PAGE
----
The distinguishing features of Claim 1 in relation to the disclosure of document (D4) are all found in document (D18), except for the feature that each header is of a circular cross-section, which, however, is a routine choice for the skilled person and moreover known for example from document (D1). The subject-matter of Claim 1 thus is a mere aggregation of features in view of optimising a condenser as to strength, weight and method of assembling which does not form in any way an invention.
Reasons for the Decision
1. The appeal is admissible.
Claim 1 filed on 14 June 1996
The amendments to Claim 1 in relation to the version as granted included inter alia the feature that the condenser is so arranged that the liquid coolant is not separated from the gaseous coolant. This statement which has to be interpreted in its general meaning excludes that in any passage of the condenser there is a separation of the liquid coolant from the gaseous coolant.
Column 4, lines 11 to 33 of the patent in suit, based upon the passage bridging pages 5 and 6 of the original description, specifies, however, that in the inlet section (A) the coolant is in its gaseous state and that in the outlet section (C) the coolant is in its liquid state, which means that, contrary to the feature in dispute, there are regions of the condenser in which either gaseous or liquid-state coolant is present and thus a separation of these phases occurs. Furthermore, as the coolant in a given pass flows from the individual tubes into the header there is at least a partial separation of the liquid and the gaseous portions since the liquid portion due to the adhesion effect clings to the header wall and is therefore at least locally separated from the gaseous portion. Additionally, the difference of the density between the gaseous and the liquid coolant portion leads, in accordance with basic laws of physics, to the effect that gravity causes the liquid to collect in the lowermost range of the header and the tubes, respectively.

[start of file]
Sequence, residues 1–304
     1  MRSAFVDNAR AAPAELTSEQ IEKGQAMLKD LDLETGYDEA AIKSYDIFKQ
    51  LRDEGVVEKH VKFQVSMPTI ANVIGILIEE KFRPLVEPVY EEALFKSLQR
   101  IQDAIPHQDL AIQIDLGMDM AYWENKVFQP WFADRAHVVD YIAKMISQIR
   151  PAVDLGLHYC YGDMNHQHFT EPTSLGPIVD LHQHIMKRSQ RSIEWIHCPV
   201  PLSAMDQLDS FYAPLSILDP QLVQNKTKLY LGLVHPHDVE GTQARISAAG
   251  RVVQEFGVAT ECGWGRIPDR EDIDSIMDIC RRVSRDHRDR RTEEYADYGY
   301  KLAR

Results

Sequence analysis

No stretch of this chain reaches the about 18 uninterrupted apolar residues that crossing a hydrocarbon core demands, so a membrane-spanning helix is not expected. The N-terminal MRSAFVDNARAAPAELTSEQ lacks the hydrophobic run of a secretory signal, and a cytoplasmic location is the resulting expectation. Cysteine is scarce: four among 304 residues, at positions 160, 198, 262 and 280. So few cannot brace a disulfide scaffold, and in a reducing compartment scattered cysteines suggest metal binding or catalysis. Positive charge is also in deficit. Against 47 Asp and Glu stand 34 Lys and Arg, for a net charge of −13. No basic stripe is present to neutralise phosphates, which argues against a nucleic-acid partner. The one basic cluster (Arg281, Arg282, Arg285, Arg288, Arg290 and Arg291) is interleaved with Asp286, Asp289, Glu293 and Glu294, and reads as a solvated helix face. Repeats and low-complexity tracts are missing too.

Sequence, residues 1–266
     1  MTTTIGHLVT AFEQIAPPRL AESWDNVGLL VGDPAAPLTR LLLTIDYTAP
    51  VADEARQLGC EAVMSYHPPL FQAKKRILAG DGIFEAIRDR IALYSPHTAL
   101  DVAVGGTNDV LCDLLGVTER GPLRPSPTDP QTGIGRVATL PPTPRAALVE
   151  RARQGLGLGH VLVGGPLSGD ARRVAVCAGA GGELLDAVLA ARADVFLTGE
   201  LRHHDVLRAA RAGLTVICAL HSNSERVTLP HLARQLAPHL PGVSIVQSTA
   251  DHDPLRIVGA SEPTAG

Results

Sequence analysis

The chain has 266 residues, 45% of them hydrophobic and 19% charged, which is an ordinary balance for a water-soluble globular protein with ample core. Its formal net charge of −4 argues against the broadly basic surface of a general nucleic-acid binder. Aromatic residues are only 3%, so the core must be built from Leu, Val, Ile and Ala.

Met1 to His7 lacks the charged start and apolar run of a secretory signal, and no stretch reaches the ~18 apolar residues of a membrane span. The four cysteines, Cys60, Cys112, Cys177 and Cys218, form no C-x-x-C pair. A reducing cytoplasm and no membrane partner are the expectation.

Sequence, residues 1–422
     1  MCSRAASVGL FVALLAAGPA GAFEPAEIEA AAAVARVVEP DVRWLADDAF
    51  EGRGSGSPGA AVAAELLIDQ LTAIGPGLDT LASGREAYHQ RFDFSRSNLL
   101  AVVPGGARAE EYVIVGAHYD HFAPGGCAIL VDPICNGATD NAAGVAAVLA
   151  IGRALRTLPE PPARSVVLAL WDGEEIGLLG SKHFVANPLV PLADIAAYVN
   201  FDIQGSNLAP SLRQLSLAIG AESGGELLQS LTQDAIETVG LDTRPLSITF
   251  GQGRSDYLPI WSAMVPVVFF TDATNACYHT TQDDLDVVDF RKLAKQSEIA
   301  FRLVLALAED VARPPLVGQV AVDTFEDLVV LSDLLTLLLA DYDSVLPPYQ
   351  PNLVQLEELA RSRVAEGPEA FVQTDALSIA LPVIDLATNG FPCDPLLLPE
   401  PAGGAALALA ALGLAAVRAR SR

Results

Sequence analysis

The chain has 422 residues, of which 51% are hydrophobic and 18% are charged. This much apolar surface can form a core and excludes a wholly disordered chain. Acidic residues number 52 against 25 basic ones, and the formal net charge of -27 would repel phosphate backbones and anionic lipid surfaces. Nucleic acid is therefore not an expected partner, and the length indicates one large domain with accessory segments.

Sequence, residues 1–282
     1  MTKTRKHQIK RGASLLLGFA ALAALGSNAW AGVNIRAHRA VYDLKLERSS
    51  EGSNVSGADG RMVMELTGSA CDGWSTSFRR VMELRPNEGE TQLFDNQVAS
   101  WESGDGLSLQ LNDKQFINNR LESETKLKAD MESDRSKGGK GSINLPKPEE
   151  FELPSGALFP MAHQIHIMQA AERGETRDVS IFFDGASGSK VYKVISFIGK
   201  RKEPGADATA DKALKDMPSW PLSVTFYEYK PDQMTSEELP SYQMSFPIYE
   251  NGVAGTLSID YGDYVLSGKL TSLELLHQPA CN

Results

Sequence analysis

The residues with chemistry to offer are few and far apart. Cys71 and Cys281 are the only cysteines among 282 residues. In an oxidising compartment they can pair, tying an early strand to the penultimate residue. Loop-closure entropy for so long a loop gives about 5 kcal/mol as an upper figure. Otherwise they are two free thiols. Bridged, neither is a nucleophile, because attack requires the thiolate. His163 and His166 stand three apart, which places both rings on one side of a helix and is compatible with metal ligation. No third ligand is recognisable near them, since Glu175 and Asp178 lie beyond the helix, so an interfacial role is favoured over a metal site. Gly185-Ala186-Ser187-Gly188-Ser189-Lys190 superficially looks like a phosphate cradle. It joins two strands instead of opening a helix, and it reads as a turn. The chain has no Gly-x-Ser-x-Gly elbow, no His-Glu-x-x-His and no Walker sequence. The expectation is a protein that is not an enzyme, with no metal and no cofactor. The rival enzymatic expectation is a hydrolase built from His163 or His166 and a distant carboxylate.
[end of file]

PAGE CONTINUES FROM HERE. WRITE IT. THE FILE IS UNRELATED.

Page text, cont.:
Decision G 1/93 (OJ 1994, 541) does not apply here, the feature in dispute being of a technical, physical character: it provides the technical teaching to conduct the liquid coolant in close connection with the gaseous coolant through the condenser. Acccording to the decision however, only the addition of a non-disclosed feature which provides no technical contribution to the subject-matter of the claimed invention can be allowed.
Therefore, the Board could not admit that claim in view of Articles 123(2) and 84 EPC.